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Learning Math

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Common Core-Aligned Math Lesson Plans Across Every Grade and Subject


Great news for teachers! Hundreds of award-winning, Common Core-aligned instructional videos and lesson plans are now available for free. Don’t miss the opportunity to access these incredible resources!

These videos show master teachers implementing nearly every math standard in the Common Core and come with lesson plans for use in your own classroom—all courtesy of Common Core 360, an online professional development platform used by more than a million teachers across the world.

Click on the links below to watch these talented math teachers implement the Common Core in their classrooms:

Elementary Math Common Core Lesson
Ms. Stafford’s kindergarten math lesson:
Decomposing the Number 5, Math Standards MP.1, 7, & 8

Secondary Math Common Core Lesson
Ms. Parham's understanding linear equations lesson:
11th Grade Math Standards MP.2, 3, 4, 5, 6, & 7


School Improvement Network

From Minds on Mathematics

Share your idea and win $1,000

Posted: 17 Apr 2014 05:35 AM PDT


In a world increasingly shaped by science and technology, STEM education has never been more critical. If America is to meet the challenges of the 21st century, we must STEMtheGAP™ in science, technology, engineering, and mathematical education.

Who better to turn to for new ideas than you—the teachers in America’s classrooms?

Share your best ideas for improving STEM education.

The Center for Science of Teaching and Learning (CSTL) and Dow have come together to support STEM education in our schools. STEM education is absolutely vital for our children and our future. We need to encourage children to pursue science, technology, engineering and math related fields. Our real challenge lies in how to achieve our goal of improving STEM education.

We would like to introduce the STEM THE GAP Teacher Challenge. Teachers of all fields are invited to submit their ideas for increasing STEM education in the classroom. The top 25 entries will earn a $1,000 grant to be used in the classroom!

Submit an entry by May 16, 2014.

Elementary mathematics specialists work as teachers, teacher leaders, or coaches and support effective mathematics instruction and student learning at the classroom, school, district, or state levels.
The purpose of this scholarship program is to provide support to teachers in their development as elementary mathematics specialists. Winners receive $1,000 to enhance their knowledge, teaching, and leadership by enrolling in university coursework that will result in becoming a certified mathematics specialist.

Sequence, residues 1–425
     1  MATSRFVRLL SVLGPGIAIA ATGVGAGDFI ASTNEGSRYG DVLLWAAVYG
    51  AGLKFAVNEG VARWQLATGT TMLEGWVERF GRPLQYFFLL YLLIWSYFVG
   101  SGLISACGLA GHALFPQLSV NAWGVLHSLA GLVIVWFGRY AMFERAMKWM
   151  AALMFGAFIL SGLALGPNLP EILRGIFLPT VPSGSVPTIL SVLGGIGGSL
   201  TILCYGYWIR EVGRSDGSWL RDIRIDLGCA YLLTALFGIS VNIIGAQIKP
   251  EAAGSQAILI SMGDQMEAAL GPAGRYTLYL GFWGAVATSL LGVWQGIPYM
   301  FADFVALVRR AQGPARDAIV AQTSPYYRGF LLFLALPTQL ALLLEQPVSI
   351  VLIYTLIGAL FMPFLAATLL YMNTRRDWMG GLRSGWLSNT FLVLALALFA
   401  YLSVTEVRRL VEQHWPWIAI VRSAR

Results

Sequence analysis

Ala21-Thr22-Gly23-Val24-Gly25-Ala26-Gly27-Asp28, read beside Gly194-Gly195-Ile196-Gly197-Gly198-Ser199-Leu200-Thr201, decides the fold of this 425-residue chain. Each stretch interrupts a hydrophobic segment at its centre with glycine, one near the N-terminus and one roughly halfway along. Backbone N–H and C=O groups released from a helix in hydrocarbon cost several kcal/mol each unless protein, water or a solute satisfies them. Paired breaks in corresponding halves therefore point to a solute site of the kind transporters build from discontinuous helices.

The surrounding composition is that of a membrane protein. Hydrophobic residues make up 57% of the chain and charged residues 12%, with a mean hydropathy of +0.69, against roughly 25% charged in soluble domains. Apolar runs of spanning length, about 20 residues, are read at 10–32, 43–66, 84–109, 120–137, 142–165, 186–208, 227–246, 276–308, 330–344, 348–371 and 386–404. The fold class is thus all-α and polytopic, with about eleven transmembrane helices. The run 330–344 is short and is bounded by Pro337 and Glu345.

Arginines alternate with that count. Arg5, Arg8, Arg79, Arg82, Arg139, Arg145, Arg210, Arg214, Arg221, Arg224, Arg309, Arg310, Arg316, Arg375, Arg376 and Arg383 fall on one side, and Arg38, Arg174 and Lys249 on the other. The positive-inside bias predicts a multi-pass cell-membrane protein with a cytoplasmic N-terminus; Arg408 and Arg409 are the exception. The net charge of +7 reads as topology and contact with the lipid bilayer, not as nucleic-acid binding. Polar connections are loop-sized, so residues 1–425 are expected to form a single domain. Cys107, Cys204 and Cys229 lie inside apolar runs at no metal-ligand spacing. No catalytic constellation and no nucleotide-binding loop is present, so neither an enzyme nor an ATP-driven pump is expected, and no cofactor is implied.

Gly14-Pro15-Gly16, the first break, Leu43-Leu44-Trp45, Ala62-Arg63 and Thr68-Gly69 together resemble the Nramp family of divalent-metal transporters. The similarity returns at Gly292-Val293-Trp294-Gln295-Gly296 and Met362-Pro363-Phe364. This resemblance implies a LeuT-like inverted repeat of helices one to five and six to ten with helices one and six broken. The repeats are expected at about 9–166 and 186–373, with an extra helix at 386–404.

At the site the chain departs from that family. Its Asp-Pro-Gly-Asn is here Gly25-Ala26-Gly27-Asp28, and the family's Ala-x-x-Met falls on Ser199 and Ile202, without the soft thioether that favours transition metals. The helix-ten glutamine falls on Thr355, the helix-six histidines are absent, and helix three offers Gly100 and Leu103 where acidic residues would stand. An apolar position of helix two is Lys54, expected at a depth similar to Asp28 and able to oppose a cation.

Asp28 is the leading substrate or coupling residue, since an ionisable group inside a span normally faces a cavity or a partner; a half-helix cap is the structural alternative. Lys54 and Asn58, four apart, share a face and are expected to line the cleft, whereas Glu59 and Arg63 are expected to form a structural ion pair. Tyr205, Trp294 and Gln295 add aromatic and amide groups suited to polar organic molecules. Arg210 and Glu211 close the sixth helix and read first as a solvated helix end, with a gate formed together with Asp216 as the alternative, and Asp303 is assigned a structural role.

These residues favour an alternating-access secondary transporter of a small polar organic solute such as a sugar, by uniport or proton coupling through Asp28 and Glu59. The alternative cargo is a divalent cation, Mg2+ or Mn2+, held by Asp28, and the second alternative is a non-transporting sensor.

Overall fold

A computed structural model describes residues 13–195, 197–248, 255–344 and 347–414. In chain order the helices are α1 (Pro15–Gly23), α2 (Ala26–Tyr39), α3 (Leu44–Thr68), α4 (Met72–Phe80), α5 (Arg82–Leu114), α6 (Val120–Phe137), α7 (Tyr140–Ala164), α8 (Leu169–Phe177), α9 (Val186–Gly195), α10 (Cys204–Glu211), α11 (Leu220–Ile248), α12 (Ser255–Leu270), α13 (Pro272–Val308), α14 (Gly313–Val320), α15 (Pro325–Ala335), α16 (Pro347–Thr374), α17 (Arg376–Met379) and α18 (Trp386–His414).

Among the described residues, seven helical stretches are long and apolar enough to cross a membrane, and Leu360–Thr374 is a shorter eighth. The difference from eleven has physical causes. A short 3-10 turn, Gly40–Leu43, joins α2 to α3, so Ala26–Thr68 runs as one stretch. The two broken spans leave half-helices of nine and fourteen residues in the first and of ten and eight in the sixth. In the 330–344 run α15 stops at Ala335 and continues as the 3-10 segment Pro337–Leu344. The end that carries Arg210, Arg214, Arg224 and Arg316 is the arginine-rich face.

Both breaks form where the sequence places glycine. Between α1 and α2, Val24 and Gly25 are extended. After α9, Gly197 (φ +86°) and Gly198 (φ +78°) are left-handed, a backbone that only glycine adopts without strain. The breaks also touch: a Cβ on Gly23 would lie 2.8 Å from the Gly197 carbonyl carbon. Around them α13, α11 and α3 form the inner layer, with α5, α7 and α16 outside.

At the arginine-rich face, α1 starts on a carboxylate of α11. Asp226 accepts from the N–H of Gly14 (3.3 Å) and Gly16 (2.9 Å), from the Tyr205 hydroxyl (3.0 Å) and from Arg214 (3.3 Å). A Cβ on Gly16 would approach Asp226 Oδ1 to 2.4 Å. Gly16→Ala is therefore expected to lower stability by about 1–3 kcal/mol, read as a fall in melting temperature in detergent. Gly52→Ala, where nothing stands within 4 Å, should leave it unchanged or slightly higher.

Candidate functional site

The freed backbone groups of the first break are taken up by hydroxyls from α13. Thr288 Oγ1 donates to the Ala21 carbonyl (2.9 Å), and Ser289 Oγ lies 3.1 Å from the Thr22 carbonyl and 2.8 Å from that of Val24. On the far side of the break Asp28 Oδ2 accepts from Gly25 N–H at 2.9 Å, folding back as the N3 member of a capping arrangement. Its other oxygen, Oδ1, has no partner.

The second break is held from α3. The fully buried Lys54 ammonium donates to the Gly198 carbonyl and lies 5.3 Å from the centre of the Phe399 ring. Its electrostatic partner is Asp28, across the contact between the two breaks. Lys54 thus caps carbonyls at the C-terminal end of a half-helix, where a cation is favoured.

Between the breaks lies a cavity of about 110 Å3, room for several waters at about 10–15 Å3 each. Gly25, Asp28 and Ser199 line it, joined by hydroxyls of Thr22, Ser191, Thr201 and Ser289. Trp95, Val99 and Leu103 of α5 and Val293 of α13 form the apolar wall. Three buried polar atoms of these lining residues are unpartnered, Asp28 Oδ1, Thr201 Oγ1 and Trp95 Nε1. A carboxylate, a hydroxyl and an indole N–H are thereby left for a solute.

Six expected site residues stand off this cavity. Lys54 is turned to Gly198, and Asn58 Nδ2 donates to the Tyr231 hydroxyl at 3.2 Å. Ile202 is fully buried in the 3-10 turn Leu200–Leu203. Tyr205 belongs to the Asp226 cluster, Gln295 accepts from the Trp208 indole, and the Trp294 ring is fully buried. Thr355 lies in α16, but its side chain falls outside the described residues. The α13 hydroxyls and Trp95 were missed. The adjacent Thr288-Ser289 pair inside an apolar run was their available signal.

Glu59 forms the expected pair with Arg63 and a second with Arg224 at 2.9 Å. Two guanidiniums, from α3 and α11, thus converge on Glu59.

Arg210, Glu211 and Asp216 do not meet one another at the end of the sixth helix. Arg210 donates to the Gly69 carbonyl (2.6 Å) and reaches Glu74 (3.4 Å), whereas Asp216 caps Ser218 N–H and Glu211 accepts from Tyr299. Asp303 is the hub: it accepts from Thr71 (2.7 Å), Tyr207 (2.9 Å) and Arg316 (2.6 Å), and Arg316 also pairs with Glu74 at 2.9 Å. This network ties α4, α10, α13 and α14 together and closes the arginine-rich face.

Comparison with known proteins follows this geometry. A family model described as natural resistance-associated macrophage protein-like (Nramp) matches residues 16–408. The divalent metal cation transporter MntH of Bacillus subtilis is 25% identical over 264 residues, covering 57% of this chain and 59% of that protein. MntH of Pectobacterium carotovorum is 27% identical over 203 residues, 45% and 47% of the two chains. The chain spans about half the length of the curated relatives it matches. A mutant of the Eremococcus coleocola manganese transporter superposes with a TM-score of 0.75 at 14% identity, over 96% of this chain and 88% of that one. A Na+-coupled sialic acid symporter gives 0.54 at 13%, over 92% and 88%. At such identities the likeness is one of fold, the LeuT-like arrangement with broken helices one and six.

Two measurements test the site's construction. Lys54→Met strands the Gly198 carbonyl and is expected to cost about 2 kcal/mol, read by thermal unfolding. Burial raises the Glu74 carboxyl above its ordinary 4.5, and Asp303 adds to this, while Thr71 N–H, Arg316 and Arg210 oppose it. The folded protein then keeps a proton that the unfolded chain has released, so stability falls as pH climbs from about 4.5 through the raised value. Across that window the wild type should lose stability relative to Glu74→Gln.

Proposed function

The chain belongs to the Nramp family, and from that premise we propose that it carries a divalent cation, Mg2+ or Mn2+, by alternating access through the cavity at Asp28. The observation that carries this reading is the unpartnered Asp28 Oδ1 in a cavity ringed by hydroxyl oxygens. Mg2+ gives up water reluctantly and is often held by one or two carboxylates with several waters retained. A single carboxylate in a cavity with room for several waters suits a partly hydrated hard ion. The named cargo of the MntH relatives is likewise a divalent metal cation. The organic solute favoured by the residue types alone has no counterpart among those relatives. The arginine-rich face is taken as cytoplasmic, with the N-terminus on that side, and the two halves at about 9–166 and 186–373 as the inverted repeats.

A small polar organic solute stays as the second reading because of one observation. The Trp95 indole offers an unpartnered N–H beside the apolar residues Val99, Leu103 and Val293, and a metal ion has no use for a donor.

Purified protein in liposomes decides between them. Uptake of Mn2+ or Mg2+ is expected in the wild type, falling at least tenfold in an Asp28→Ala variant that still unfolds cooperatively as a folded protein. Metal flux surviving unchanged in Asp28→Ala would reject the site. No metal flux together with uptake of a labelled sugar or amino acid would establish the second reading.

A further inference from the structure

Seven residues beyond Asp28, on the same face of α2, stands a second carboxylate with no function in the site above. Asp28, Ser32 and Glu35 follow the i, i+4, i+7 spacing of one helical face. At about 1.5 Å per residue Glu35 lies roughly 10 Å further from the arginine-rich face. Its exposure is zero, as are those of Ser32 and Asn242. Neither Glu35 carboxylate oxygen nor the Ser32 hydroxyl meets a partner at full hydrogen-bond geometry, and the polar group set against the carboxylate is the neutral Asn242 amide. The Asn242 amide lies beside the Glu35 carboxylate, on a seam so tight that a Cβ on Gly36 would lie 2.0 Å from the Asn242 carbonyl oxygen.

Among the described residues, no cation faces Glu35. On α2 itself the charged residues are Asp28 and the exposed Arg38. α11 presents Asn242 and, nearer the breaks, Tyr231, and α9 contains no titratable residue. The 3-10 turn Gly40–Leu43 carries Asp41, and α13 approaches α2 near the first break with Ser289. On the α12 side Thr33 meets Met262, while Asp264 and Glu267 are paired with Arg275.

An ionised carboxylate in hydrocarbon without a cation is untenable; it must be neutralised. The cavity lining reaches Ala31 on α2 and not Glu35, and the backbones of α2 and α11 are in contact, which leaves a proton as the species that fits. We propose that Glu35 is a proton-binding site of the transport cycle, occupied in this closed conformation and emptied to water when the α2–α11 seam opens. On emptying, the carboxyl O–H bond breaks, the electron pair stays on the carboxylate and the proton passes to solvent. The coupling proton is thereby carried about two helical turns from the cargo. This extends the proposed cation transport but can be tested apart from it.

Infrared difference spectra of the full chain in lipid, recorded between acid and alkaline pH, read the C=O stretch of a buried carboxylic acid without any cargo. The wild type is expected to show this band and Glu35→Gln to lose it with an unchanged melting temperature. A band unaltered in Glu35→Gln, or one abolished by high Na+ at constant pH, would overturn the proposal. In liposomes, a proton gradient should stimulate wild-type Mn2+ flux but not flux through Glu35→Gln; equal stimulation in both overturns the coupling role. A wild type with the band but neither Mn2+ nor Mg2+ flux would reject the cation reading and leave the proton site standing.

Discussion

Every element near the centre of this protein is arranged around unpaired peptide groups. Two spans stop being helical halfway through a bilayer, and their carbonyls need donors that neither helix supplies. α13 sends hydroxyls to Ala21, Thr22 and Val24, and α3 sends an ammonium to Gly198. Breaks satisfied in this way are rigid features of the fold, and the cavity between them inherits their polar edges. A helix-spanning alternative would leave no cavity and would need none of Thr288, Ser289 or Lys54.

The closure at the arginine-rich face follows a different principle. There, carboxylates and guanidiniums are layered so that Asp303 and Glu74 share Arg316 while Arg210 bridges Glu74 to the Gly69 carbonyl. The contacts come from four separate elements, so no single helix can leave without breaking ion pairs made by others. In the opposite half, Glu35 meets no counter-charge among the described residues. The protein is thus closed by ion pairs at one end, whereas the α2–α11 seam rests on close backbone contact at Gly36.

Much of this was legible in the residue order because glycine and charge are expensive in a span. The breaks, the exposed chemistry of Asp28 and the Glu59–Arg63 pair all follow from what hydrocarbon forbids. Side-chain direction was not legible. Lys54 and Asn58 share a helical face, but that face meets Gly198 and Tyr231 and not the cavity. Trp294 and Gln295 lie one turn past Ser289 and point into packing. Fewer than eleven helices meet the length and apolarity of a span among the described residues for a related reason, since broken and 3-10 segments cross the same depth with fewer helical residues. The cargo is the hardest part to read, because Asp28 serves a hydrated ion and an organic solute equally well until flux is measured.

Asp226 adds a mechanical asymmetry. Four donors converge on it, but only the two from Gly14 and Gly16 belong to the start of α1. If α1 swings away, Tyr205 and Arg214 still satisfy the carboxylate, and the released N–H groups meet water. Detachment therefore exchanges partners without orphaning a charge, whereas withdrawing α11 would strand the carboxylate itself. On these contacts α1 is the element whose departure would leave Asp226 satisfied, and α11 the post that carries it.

Learn more and apply
Deadline June 1

The scholarships were created by The Math Learning Center in collaboration with the Association of Mathematics Teacher Educators (AMTE).

Rick Ludeman is president of MLC.

April is Math Awareness Month so I thought 180 Days of Ideas for Discussion would be a great way to celebrate!

We want to promote mathematical discourse and why not use these ideas to get that discourse going.

How about this:

If an odd plus an odd is an even, then what about 1.5 + 1.5?

If it ends in an odd digit, shouldn't it be an odd number?


Or how about this:

Which do you think works better?

"Decimals are a subset of fractions." OR "Fractions are a subset of decimals."

Fractions are a subset of decimals. Always true, sometimes true, or never?


For the rest of the 180 Days of Ideas for Discussion - MathArguments180.com

Summer Professional Development

Join NCTM in San Diego or Chicago for summer professional development opportunities. Whether you are an experienced classroom teacher or just beginning your career, NCTM's Interactive Institutes will provide the instructional strategies and high-quality professional development you need to successfully implement CCSSM in the classroom.


Institutes will be held from July through August and include:

Algebra Readiness for Every Student (Grades 6-8)

Connecting Number and Operations in the Classroom(Grades Pre-K-5

Engaging Students in Learning: Mathematical Practices and Process Standards (Grades 9-12).

Save $40 with early-bird registration rates.

I thought on this snowy day in South Dakota that I needed to share a wonderful math video. This is something for your enjoyment or you could even start your math class with this. The students would love it also. I would hope I got this little guy in my class. He is ready to learn!


Kid calls 911 for help with homework - funny video - math problem - YouTube

2014 NCTM Annual Meeting & Exposition

2014 Annual Meeting 590

April 9-12, 2014 • New Orleans